Living the Line

Volunteering Increasing Amongst Young Adults in New York City

Fourteen years ago, Pastor Marian Hutchins and her partners at The Father’s Heart Ministries began their mission of helping people in poverty. Their main project was hosting a weekly soup kitchen on Saturdays at 6am. The program had a major problem: no one wanted to volunteer. Since 2008, however, Hutchins has noticed not only an increased desire to serve from members of her church, but from the community at large.

“After the recession, poverty became more real to people, and less of an abstract idea; nobody’s afraid to lose their Saturdays anymore,” says Hutchins.

The Father’s Heart, a family-oriented church located in New York City’s Lower East Side, now has a three-month waiting list for volunteers for their weekly soup kitchen, which feeds between 500-700 people.  In addition to congregation members, the approximately 90 volunteers each week come from the school groups, companies, and the community. Some Saturdays the flood of volunteers is so great that the church has to turn people away.

“I grew up living in the suburbs, where everything seemed perfect,” says Gracie Gordon, 26, who volunteers regularly. “Moving to the city and seeing so much need, and knowing that I’m in a position to help, I really see no other choice.”

Volunteerism has in fact become more popular across the city since the economic downturn. Increasingly, it is young people that are lining up to give their time. In 2009, according to the U.S. Bureau of Labor Statistics, young adults between the ages of 16-24 were the least likely to volunteer, comprising 18 percent of the nation’s volunteers. In January 2011, the number jumped to almost 22 percent of the volunteers nationwide, the largest increase in volunteer activity.

In New York City volunteer activity has either remained steady or increased at three out of every four non-profit organizations, according to a report published by the Urban Institute, which offers data and research on social and economic issues.

“The economic downturn has decimated funding for non-profits, but not the underlying networks and good will that bode well for their long term success,” says Thomas Pollack, the Institute’s Senior Research Associate, in the report.

Aside from volunteering at shelters and soup kitchens, New York City’s young adults are participating in service learning projects in the classroom, a phenomenon as of late. Service learning, which is designed to use practical skills from the classroom to benefit those in the community, has risen in popularity under the Obama administration. Since 2009, volunteerism has become more formalized, with federal programs encouraging people to donate their time, and service activities have become a standard element of curriculum in many schools.

“It’s a way to keep students motivated and to let them see how they can use what they’re learning in the classroom in an authentic, real-world situation,” says Arlene Kemmerer, Service Learning Coordinator and professor at Queensborough Community College.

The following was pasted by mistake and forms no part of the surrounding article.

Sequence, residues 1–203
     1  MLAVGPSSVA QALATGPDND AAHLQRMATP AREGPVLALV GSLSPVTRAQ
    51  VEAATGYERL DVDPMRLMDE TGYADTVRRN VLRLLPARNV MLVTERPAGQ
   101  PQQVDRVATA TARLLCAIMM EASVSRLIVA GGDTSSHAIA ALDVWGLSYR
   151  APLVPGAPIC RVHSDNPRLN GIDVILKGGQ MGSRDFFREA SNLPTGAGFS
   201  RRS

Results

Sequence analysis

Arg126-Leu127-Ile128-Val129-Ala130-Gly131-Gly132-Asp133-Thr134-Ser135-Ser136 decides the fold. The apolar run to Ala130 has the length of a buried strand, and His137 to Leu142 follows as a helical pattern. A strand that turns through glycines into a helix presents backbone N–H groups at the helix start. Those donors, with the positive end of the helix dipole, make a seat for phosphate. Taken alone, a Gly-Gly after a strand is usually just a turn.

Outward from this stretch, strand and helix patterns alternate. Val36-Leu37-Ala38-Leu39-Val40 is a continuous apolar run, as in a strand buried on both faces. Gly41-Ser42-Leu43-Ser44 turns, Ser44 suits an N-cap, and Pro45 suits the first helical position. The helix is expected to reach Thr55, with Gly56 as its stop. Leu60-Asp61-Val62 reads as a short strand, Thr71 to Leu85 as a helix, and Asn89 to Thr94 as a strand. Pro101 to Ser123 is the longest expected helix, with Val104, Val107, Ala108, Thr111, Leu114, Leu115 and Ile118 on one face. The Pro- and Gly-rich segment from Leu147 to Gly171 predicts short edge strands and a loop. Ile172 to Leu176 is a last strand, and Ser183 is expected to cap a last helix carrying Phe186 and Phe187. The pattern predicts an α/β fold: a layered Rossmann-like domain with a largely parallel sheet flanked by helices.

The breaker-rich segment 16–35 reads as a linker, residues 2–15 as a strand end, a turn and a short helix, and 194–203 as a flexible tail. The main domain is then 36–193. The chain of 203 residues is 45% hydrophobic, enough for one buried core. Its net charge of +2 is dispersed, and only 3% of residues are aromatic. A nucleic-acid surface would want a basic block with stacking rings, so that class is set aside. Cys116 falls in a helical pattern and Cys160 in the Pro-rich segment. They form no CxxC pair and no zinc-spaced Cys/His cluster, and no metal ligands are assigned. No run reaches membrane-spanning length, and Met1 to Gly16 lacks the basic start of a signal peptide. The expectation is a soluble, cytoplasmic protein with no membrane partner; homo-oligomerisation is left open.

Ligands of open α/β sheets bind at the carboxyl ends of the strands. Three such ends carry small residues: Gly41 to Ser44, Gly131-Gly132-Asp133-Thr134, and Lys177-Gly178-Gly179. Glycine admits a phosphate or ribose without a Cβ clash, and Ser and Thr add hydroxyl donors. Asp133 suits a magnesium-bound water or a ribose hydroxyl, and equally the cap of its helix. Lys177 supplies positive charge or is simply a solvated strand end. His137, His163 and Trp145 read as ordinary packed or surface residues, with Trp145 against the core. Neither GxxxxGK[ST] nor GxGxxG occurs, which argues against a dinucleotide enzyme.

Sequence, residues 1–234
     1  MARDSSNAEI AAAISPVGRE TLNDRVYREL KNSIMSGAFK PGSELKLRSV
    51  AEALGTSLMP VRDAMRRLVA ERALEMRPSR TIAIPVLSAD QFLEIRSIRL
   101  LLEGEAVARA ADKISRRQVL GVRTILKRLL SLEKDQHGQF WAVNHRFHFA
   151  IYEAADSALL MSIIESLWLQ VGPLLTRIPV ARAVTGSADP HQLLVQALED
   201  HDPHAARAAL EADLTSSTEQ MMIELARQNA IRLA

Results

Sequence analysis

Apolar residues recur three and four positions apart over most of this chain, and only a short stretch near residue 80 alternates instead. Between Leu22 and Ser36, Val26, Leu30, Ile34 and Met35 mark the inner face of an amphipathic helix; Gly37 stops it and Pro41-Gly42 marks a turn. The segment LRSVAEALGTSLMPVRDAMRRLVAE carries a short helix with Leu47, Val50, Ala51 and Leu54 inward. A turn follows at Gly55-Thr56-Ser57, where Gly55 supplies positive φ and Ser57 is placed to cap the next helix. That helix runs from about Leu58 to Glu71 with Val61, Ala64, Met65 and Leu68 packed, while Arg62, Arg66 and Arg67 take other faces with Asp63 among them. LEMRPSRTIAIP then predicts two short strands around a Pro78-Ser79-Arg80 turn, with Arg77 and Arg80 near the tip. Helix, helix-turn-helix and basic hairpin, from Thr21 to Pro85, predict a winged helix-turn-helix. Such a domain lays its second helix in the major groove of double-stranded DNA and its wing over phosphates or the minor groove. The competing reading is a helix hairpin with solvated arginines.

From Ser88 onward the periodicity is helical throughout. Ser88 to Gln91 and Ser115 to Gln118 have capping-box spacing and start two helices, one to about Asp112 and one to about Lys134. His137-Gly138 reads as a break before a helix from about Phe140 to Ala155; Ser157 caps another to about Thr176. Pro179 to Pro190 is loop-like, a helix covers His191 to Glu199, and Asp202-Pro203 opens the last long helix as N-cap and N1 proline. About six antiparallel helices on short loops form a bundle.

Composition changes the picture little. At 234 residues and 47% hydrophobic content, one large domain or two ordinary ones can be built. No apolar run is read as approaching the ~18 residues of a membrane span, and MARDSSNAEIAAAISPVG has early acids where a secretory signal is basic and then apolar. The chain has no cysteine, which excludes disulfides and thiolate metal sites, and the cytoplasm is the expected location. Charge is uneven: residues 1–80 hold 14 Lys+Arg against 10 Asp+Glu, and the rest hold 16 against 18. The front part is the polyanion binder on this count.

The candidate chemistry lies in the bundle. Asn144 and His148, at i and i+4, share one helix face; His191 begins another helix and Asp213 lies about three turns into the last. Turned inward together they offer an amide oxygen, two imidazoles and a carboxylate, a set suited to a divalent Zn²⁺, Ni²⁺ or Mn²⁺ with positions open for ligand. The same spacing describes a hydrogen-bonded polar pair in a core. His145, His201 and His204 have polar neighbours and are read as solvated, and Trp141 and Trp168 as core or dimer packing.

The College is currently in the process of collecting research and data on the long-term effects of service learning projects on the young adults involved. It is their hope that the projects will increase volunteer activity amongst students on their own time in the future.

Many young adults feel as though they have no choice but to volunteer in order to repair the state of the economy and prepare the way for their own successes in the future.

“Our generation as young people, we see that this is our future, so maybe the older generations, they just saw the progress after the great depression, so things were good,” says Jessi Marquez, 26, founder of FreelyBe, an organization dedicated to finding corporate sponsorship for non-profit organizations.  “But now our generation is saying if we don’t do something, there’s gonna be real problems ahead, and there are actually bigger issues than taking home a big paycheck.”

Despite the enthusiasm for volunteering, some warn that donating time will not be enough.

“There’s actually something flawed about the term charity,” argues Allison Sesso, The Deputy Executive Director of The Foundation Center of New York City, a database that keep tracks of the financials for non-profits.

“Running a non-profit is like running a business and it requires money, even just to supervise the volunteers that show up. Sometimes peoples’ goodwill isn’t enough if they don’t know what to do with it.”

Pastor Hutchins disagrees. “It’s easier to throw money out there than it is to let you heart be broken, to identify with a piece of the failure, and to see the exorbitant need in front of you,” she says.

While it’s difficult to determine whether money or time is more valuable, Hutchins and nonprofits like the Fathers Heart appreciate donations of time in a period when the money is not free flowing, but still believe that in the long run, volunteerism will encourage a change in the future.

“Statistics mean nothing,” she says. “At the end of the day, it’s the flesh and blood that humanize the problem and inspire people to make really a difference.”

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